“The future is no longer about tomorrow – it is about today!” – Futurist Jim Carroll
When inviting a futurist on stage to open a corporate or association leadership event, people love the Back to the Future theme! Over the years, I’ll often find myself not only with a fantastic stage setup, but also a DeLorean from the film.
Such was the case a few weeks ago when I opened the first leadership get-together for the newly formed Siemens Energy corporate event in Orlando, Florida, just a few weeks ago. The senior VP, in his opening remarks, actually rolled into the event in the car in a flashy pre-taped mixed with live special-effects driven intro. It was spectacular!
That’s my job too – I will often set the stage, while on stage, to put into perspective the reality that what you thought was far away is actually here today; the future trends you were once speaking about are actually today’s reality; yesterdays science-fiction is today’s real-world truth.
Years ago, I wrote a post called “10 Truths About the Future.” 14 years on – back to the future – it holds up remarkably well. Let’s go back to the future to understand our future today!
Innovation is all about adapting to the future — and if the future is coming at you faster, then you need to innovate faster. Innovation shouldn’t be about trying to survive the future — it should be about thriving.
At a recent keynote to executives within the direct marketing industry, I outline some truths as to the future:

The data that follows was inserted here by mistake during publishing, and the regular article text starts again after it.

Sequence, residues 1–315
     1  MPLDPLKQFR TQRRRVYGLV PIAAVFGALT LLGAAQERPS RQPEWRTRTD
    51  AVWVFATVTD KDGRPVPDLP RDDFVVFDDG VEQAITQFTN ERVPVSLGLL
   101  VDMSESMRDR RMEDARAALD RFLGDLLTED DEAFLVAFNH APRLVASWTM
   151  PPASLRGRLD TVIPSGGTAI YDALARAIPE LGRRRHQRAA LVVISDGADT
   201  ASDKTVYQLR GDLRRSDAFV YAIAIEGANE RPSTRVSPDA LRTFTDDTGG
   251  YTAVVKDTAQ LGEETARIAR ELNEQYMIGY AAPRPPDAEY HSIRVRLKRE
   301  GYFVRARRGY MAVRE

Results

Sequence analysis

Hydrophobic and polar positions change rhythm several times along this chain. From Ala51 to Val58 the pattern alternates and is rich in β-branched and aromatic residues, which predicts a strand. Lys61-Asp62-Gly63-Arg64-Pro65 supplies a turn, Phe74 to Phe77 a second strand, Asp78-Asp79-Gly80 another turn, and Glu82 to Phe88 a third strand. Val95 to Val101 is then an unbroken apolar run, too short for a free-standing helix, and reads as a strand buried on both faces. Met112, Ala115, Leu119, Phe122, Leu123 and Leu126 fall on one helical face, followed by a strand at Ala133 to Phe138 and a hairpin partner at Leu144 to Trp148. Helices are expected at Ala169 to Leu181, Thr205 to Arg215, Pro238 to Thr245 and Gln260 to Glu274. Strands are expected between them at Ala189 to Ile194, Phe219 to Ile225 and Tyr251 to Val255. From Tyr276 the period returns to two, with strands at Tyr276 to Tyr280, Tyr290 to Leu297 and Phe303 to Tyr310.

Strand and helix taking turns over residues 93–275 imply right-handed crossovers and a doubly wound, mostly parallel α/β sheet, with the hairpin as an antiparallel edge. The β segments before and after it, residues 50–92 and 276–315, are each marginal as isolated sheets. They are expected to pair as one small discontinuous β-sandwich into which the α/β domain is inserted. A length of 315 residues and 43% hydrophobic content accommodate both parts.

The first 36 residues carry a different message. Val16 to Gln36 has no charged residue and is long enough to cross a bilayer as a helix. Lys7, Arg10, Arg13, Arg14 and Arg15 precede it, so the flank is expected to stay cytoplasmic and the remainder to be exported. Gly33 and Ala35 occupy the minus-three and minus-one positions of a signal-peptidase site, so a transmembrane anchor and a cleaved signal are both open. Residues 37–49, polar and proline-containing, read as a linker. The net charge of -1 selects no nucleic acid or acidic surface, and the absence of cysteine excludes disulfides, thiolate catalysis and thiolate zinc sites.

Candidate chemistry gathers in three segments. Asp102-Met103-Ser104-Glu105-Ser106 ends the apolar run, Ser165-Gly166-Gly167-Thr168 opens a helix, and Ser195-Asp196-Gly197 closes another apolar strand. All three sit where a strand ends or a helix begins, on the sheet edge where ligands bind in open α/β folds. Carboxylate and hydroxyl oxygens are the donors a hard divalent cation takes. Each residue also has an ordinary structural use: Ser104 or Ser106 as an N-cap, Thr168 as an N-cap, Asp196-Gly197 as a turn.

- It’s incredibly fast: Product lifecycles are collapsing. It’s said that half of what students learn in their freshman year about science and technology is obsolete or revised by their senior year. There are furious rates of new scientific discovery. Time is being compressed.
- It involves a huge adaptability gap: Earlier generations — boomers — have had participated in countless “change management workshops,” reflecting the reality that many of them have long struggled with change. Gen-Connect — today’s 15 and under — will never think of change management issues. They just change.
- It has a huge instantaneity: The average consumer scans 12 feet of shelf space per second. Most news becomes old hat within 36 hours of emerging. We live in the era of the rapid idea-cycle.
- It hits you most when you don’t expect it: Every organization must deal with two realities: the rapid emergence of new technologies, the sudden adoption of old-hat ideas. If you want to understand what comes next, study Gartner’s concept of “hype-cycles”
- It’s being defined by renegades: Increasingly, the future of many an industry is being defined by industry expatriates. When real innovators can’t innovate within a company, they step outside, form a startup, and spark massive industry change on their own. Before you know, they’ve reinvented you.
- It involves partnership: Old business models involved asking, “what can we do to run our business better?” The new business model is this: “What can we do to run our customers, suppliers, and partners’ business better?”
- It involves intensity: We must learn to run our business at video-game intensity: in fast-paced markets, we need fast-paced business capabilities.
- It’s bigger than you think: I used to joke about a futuristic GoogleCar. I don’t think it’s a joke anymore. Complacency is a dangerous thing, particularly when every organization is faced with constant, relentless external innovation from unexpected competitors.
The future is going to hit you whether you like it or not; it’s your approach to it, and how you innovate with it, that defines your future success.